A Globe and Mail’s Spring 2021 Book Preview Selection
Molly Lamb and Bruno Bobak shot to prominence as war artists during the Second World War. Marrying shortly after the end of the war, they moved first to Vancouver and then, in 1960, to Fredericton, where they settled permanently. Molly’s paintings were vibrant and colourful, featuring dynamic crowd scenes and wildflowers that seem to wave on the page. In contrast, Bruno painted near-abstract cityscapes, stunning landscapes, and distorted bodies wracked with inner torment, work that is unique in Canadian art.
In this book, acclaimed author Nathan M. Greenfield brings to light the private and public lives of two of the most important figures in 20th century Canadian art. Greenfield combines archival research into Molly’s diaries and letters with dozens of full-colour reproductions of their work, archival photographs, interviews with friends and contemporaries, and an analysis of paintings by both artists. The result is an intimate portrait of the art and lives of Molly Lamb and Bruno Bobak: their critical acclaim, commercial success, and a turbulent marriage that lasted over fifty years.
Nathan M. Greenfield is the author of eight books, including The Damned: The Canadians at the Battle of Hong Kong and the POW Experience, 1941-45, shortlisted for the Governor General’s Award for Non-Fiction. A regular contributor to the Times Literary Supplement, Greenfield’s articles have also appeared in the Walrus, Canada’s History, the Globe and Mail, and Maclean’s.
"A nuanced assessment of their individual work and styles, and, through Lamb’s diaries, a portrait of a tempestuous 50-year marriage. "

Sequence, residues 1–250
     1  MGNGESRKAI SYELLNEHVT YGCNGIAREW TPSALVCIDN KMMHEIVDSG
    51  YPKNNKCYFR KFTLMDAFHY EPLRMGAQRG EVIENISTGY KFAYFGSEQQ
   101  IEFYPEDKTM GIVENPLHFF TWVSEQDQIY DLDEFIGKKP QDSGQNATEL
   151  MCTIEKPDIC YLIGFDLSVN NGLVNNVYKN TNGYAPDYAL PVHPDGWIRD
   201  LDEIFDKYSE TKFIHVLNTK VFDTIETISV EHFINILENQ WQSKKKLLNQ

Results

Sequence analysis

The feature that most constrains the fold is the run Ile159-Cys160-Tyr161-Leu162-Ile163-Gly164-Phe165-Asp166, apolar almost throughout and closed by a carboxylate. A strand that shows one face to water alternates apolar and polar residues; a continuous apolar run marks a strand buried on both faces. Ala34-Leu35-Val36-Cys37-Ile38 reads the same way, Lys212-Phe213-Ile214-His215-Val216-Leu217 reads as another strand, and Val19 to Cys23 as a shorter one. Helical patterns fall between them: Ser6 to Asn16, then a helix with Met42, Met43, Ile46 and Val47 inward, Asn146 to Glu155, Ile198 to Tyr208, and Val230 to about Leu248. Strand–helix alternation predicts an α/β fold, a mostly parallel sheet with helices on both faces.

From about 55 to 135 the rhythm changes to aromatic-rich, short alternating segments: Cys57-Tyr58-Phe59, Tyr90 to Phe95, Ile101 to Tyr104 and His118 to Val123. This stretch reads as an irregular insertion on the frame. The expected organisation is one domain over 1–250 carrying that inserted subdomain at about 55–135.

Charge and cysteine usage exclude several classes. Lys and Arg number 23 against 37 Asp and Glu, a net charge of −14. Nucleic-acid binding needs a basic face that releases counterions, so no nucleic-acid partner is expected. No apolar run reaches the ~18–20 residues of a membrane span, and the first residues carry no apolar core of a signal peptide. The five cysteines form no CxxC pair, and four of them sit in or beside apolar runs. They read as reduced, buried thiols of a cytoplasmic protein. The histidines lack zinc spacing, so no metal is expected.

— Emily Donaldson
"Greenfield offers new insight into Bruno and Molly Lamb Bobak’s complex relationship. They met and married in the aftermath of the Second World War, having served as official war artists, and continued to paint for decades. Based on new evidence, this book captures the Bobaks’ intertwined lives, their clashing relationship, and the enduring value of their art. "
— Tim Cook, author of <i>The Fight for History</i>
"Relying on the frank diaries Molly kept throughout her life … [their] troubled marriage is chronicled in intimate detail. "
— Paul Gessell
"A rich and detailed work… Greenfield has put the deserved spotlight on these artists. "
— Alison Manley
"Whether as a reference work or a relatively academic account of the contributions of two Canadian artists, this book could be a good choice for a wide range of readers. "
— Susan Huebert
"Greenfield’s book rises far above conventional biography. With his depth of cultural knowledge, Greenfield explores the artistic careers of Molly Lamb Bobak and Bruno Bobak, while unlocking the secrets to appreciating a wide range of visual arts. "
— Carol Bishop-Gwyn, author of <i>Art and Rivalry: The Marriage of Mary and Christopher Pratt</i>
"This engaging biography illuminates the lives of Molly and Bruno Bobak, two of Canada’s most important artists, balancing their personal stories with their visual record. Greenfield’s account of the Bobaks’ lives — charting their artistic development as the hold of the Group of Seven slowly waned and abstraction came to dominate the art world — focuses extensively on their art, offering incredibly close readings of the Bobaks’ remarkable artistic contributions to Canadian art history. "
— Devon Smither, Assistant Professor, Art History/Museum Studies, University of Lethbridge